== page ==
When did the media stop speaking truth to power?

From NSA spying to ridiculous COVID-19 regulations, the modern media displays no skepticism, curiosity, or concern about the exercise of government power

The media has always tilted left. Legendary anchors from Morrow to Kronkite had liberal sensibilities, but they also exhibited a deeply held skepticism of authority and saw “speaking truth to power” as one of their key job functions.

They weren’t alone in this. The older generation of reporters weren’t prone to take what the government said at face value. Instead, they questioned everything and everyone, but somewhere along the line, that changed.

Today’s media and so-called journalists lap up government claptrap like a kitten spilled milk, reciting talking points as if they were facts, and displaying little or no skepticism about even the most ridiculous pronouncements from our elected leaders.

There are countless examples, but this trend has been on magnificent, undeniable display throughout the coronavirus pandemic. From the very beginning, the media was almost entirely silent as governments around the world instituted never-before-seen or even tried restrictions on daily life.

Businesses closed by fiat. Orders to stay at home or face penalties. Churches shut down. Gatherings banned.

The United States has been through a Civil War, countless natural disasters, and even other pandemics without such broad based restrictions, but, this time, basic questions — Is this legal? Are there alternatives? What are the unintended consequences? — were never asked.

Other than raging at President Trump or anyone else who dared question the lockdown orthodoxy, the media meekly accepted ever more draconian restrictions with an almost religious fervor. In fact, the very leaders instituting the most severe restrictions — Cuomo, Newsom, Whitmer to name a few — were instantly championed and promoted into household names.

Now, almost nine months later, they’re still at it. Cancel Thanksgiving? Sounds good. Ban dancing in private homes? It’s science. What about Christmas? Don’t ask.

There might be some excuse if this lapdog behavior was limited to a rare, deadly pandemic, but it’s been an increasingly worrisome trend for almost a decade.

In 2013, Edward Snowden revealed that the government had massively abused it’s power by instituting a clearly illegal program to collect the records of every cell phone call over the course of two administrations. There were more than enough editorial and investigative reporting angles to fill several books. Who knew? Who set it up? What legal authority did they have? Who approved it? Can it be misused?

The media wasn’t all that interested in these important details. We still don’t know the answers.

Instead, they covered the drama surrounding Snowden himself and his refuge in Russia, but rarely did they question the underlying premise that this was the only way to protect Americans from another terrorist attack, or whether or not there were other, less intrusive alternatives.

Nor is this laxity in the face of government overreach an isolated incident: There was a similar collective yawn in response to the Afghanistan Papers in December 2019: The Pentagon was caught lying about vital strategic and military information over the course of close to twenty years?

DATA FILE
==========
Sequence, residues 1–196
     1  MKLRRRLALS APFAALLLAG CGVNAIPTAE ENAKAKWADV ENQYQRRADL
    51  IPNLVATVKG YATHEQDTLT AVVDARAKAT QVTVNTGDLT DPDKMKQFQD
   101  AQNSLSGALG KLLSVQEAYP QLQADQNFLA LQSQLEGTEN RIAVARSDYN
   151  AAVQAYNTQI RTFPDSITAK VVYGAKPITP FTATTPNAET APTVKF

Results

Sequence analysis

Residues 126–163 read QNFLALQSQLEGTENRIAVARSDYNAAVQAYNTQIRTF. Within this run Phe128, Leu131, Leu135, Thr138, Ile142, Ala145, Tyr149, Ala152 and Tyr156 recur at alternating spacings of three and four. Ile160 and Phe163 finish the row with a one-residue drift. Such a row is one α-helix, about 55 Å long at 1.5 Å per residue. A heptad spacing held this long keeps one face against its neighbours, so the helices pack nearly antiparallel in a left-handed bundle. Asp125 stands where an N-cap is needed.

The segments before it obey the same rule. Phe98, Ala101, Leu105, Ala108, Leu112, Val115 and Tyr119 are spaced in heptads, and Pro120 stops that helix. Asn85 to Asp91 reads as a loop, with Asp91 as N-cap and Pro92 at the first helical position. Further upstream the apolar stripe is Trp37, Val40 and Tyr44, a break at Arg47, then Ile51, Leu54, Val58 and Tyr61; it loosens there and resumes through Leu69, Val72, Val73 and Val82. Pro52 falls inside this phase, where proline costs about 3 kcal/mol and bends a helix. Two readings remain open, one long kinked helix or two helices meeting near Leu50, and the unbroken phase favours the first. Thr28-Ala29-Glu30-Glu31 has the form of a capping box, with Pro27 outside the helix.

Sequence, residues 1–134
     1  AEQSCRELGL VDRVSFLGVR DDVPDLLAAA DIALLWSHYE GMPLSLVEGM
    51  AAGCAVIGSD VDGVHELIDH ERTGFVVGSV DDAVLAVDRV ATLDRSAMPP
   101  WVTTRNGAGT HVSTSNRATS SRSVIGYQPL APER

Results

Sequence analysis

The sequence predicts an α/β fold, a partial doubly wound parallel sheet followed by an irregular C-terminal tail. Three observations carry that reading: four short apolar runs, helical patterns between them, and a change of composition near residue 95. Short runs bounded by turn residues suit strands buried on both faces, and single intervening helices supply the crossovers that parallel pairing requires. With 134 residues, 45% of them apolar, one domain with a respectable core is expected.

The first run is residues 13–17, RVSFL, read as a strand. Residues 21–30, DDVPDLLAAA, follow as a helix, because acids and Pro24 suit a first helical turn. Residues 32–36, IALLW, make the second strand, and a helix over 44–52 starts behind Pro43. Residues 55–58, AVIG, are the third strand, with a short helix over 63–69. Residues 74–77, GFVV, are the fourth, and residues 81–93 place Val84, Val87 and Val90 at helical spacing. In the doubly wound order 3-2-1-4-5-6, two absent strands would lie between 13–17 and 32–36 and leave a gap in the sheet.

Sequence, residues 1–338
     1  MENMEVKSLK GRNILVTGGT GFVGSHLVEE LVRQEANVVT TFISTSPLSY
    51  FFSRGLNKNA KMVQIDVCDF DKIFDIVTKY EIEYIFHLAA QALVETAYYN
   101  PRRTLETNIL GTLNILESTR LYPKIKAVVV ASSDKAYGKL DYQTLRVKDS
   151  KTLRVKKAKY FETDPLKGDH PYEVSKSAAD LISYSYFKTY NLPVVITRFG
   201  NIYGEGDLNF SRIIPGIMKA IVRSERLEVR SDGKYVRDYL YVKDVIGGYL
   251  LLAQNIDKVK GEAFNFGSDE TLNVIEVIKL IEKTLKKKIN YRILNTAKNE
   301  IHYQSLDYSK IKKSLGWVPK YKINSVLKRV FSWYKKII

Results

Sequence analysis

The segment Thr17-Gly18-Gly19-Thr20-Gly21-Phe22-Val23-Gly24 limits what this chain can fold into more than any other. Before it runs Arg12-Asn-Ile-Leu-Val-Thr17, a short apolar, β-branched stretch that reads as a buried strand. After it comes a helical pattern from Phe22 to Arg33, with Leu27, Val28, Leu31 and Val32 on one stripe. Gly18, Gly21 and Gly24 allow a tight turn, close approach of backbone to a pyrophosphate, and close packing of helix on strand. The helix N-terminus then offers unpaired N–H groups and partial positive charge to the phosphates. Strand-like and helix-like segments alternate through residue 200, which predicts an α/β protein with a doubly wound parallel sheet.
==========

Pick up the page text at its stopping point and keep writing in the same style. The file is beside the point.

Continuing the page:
No big deal, let’s get their opinion on whether or not we should still be in Afghanistan and how many troops we should send to Syria!

Even when the government turned its attention on journalists themselves, issuing warrants, spying on reporters, and cracking down on leaks, the media remained largely silent, meek in the face of threats to its own existence.

More recently and perhaps even more troubling, journalists have turned their fire on each other. Threatening other reporters, refusing to run stories they disagreed with, berating editors. These tactics haven’t been limited to conservative outlets or reporters either. Matt Taibbi. Glenn Greenwald. Matt Yglesias. The list is growing by the day.

What is driving these disturbing trends?

First, newsrooms are increasingly populated by a younger liberals that bear little resemblance to the generation that came of age in the 1960s. They do not share a passion for free speech or an innate skepticism of authority. The older generation witnessed first hand government power used to enforce brutal policies like segregation and prosecute an unpopular war in Vietnam. They implicitly understood how horribly wrong the government could go. Younger liberals don’t seem to share that distrust. Instead, they increasingly believe the government is the answer to every problem.

Second, news organizations are increasingly globalist and corporatist, owned by massive corporations with interests closely linked to government. In the 1950s, Eisenhower warned of a military industrial complex. Today, there’s an emerging media-government complex with a revolving door between journalists and politicians, powered by massive entertainment and technology empires seeking to advance their global business goals.

Where do we go from here?

Unfortunately, these two trends aren’t likely to change anytime soon.

The only answer: Question everything, every time. Take nothing at face value, and do not trust without verifying first. You know, the way the media used to do.


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